The network 105 may be communicatively coupled to one or more core networks 110 and one or more access networks 115. For example, a standard CDMA2000 EVDO network environment includes one or more Gateway General Packet Radio Service (GPRS) Support Nodes (GGSNs), Serving GPRS Support Nodes (SGSNs), Radio Network Controllers (RNCs) and Node-Bs. The GGSNs and SGSNs are typically considered part of the wireless core network 110. The RNC and the Node-Bs typically form the access network 115, which may also be referred to as a Radio Access Network (RAN). The GGSN, SGSN and portions of the RNC may provide IP tunneling functionality and macro-mobility. The RNCs and Node-Bs may provide for wireless transmission and reception functionality and micro-mobility functionality. However, persons of ordinary skill in the art should appreciate that the present invention is not limited to embodiments that include a core network 110 and an access network 115. In alternative embodiments, wireless connectivity may be provided by other devices such as base stations, base station routers, and the like.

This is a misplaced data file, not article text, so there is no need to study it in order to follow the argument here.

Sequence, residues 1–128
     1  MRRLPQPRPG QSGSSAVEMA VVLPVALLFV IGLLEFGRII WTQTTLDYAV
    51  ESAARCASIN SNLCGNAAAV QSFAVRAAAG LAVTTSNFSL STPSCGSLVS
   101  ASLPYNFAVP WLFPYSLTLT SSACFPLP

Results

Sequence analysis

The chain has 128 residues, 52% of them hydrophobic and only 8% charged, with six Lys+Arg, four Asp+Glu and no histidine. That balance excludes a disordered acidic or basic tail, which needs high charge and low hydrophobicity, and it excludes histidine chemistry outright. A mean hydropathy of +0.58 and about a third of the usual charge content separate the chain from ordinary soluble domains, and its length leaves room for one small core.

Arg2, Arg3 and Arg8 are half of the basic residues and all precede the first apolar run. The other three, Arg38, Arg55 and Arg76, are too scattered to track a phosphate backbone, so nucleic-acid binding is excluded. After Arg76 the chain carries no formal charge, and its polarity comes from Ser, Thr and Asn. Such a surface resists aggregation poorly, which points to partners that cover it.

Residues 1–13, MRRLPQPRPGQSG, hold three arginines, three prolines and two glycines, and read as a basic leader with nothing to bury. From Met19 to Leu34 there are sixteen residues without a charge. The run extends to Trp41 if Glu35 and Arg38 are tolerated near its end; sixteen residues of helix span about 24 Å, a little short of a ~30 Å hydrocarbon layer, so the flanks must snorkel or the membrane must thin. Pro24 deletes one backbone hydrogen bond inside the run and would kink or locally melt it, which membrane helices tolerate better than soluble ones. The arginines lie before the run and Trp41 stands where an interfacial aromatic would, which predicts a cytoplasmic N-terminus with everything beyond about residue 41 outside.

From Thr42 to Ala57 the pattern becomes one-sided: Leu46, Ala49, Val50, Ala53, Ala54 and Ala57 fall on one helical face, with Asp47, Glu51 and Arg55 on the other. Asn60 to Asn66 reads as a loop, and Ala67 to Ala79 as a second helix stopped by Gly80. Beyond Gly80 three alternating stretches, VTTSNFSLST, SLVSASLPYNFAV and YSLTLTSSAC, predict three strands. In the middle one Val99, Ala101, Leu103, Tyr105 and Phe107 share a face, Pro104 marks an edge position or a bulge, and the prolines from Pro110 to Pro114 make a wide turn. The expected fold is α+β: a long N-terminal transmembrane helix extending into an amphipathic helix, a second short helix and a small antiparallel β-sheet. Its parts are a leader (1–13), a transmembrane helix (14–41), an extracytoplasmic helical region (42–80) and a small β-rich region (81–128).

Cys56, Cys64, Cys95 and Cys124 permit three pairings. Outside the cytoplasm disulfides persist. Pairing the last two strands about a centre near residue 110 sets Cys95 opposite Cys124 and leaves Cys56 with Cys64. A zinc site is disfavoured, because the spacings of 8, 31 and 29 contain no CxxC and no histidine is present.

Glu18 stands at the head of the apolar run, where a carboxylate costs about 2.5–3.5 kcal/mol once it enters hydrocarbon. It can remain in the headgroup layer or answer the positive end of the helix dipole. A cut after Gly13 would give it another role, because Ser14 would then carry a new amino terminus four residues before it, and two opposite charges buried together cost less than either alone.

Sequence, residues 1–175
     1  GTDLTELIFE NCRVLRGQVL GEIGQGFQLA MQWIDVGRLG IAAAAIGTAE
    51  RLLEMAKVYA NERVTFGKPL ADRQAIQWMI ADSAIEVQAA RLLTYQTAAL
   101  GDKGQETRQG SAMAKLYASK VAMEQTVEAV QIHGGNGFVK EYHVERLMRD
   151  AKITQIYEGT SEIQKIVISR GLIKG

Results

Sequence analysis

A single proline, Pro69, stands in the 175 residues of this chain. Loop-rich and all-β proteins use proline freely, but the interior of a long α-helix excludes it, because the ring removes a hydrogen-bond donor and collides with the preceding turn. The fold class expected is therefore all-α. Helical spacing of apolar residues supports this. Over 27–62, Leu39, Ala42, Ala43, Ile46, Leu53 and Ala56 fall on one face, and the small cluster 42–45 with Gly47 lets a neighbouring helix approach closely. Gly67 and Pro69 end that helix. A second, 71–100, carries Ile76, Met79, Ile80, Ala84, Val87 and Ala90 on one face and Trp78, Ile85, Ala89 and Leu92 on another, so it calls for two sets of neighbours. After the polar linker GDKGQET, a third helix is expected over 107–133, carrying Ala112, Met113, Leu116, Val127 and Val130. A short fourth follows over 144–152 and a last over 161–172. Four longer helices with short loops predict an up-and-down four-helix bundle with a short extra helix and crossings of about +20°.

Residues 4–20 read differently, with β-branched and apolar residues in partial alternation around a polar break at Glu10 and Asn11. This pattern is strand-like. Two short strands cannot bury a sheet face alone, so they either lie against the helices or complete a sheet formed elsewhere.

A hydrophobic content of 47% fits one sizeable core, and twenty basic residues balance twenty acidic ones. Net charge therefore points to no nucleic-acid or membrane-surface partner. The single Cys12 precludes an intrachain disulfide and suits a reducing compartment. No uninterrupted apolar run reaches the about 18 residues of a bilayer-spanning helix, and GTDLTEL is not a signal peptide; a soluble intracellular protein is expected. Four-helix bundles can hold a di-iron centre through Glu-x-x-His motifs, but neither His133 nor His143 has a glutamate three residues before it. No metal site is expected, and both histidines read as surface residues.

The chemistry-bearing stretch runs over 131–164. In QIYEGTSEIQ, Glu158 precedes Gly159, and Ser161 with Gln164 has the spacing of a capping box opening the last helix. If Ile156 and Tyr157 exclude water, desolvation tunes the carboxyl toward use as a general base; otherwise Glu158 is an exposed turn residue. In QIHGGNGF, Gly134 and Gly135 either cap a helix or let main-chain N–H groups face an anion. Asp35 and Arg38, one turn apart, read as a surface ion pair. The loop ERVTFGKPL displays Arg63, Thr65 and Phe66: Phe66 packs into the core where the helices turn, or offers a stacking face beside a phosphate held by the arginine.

The access network 115 provides wireless connectivity to one or more access terminals 120(1-3). In the interest of clarity, the indices (1-3) may hereinafter be dropped when the access terminals 120 are being referred to collectively. However, the indices (1-3) may be used when referring to the access terminals 120 individually or to a subset of the access terminals 120. The same convention may be used with regard to other indices that distinguish between components that share an identifying numeral. Exemplary access terminals may include laptop computers 120(1), smart phones 120(2), and mobile phones 120(3), as well as other devices not shown in FIG. 1 such as personal data assistants, desktop computers, paging devices, network interface cards, and the like. Persons of ordinary skill in the art having benefit of the present disclosure should appreciate that the access terminals 120 may also be referred to using other terms such as “mobile units,” “user terminals,” “user equipment,” “mobile terminals,” and the like.